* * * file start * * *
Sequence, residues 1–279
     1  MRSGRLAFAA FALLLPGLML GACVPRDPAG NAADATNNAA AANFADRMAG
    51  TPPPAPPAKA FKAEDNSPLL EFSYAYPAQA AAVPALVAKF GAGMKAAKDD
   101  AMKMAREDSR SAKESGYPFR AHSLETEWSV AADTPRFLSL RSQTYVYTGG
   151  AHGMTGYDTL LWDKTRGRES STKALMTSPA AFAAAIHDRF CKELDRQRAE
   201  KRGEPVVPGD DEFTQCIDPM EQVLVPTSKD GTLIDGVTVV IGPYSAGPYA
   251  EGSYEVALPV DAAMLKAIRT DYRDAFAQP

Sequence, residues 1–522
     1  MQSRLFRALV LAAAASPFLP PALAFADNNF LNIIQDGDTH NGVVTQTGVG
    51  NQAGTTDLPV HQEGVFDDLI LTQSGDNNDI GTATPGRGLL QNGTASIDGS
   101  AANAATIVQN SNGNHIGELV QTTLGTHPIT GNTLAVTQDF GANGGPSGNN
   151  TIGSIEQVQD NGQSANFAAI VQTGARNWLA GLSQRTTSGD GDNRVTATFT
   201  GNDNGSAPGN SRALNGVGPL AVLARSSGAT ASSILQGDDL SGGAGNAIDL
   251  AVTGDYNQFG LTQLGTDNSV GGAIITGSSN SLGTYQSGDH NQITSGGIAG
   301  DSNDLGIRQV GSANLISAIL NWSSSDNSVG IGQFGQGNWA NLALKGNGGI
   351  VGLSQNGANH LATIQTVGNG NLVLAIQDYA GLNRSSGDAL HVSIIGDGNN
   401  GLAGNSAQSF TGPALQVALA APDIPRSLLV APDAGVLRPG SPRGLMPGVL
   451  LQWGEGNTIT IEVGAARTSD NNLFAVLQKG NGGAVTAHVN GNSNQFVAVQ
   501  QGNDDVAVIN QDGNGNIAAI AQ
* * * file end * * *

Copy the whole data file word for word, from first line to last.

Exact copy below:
Sequence, residues 1–279
     1  MRSGRLAFAA FALLLPGLML GACVPRDPAG NAADATNNAA AANFADRMAG
    51  TPPPAPPAKA FKAEDNSPLL EFSYAYPAQA AAVPALVAKF GAGMKAAKDD
   101  AMKMAREDSR SAKESGYPFR AHSLETEWSV AADTPRFLSL RSQTYVYTGG
   151  AHGMTGYDTL LWDKTRGRES STKALMTSPA AFAAAIHDRF CKELDRQRAE
   201  KRGEPVVPGD DEFTQCIDPM EQVLVPTSKD GTLIDGVTVV IGPYSAGPYA
   251  EGSYEVALPV DAAMLKAIRT DYRDAFAQP

Sequence, residues 1–522
     1  MQSRLFRALV LAAAASPFLP PALAFADNNF LNIIQDGDTH NGVVTQTGVG
    51  NQAGTTDLPV HQEGVFDDLI LTQSGDNNDI GTATPGRGLL QNGTASIDGS
   101  AANAATIVQN SNGNHIGELV QTTLGTHPIT GNTLAVTQDF GANGGPSGNN
   151  TIGSIEQVQD NGQSANFAAI VQTGARNWLA GLSQRTTSGD GDNRVTATFT
   201  GNDNGSAPGN SRALNGVGPL AVLARSSGAT ASSILQGDDL SGGAGNAIDL
   251  AVTGDYNQFG LTQLGTDNSV GGAIITGSSN SLGTYQSGDH NQITSGGIAG
   301  DSNDLGIRQV GSANLISAIL NWSSSDNSVG IGQFGQGNWA NLALKGNGGI
   351  VGLSQNGANH LATIQTVGNG NLVLAIQDYA GLNRSSGDAL HVSIIGDGNN
   401  GLAGNSAQSF TGPALQVALA APDIPRSLLV APDAGVLRPG SPRGLMPGVL
   451  LQWGEGNTIT IEVGAARTSD NNLFAVLQKG NGGAVTAHVN GNSNQFVAVQ
   501  QGNDDVAVIN QDGNGNIAAI AQ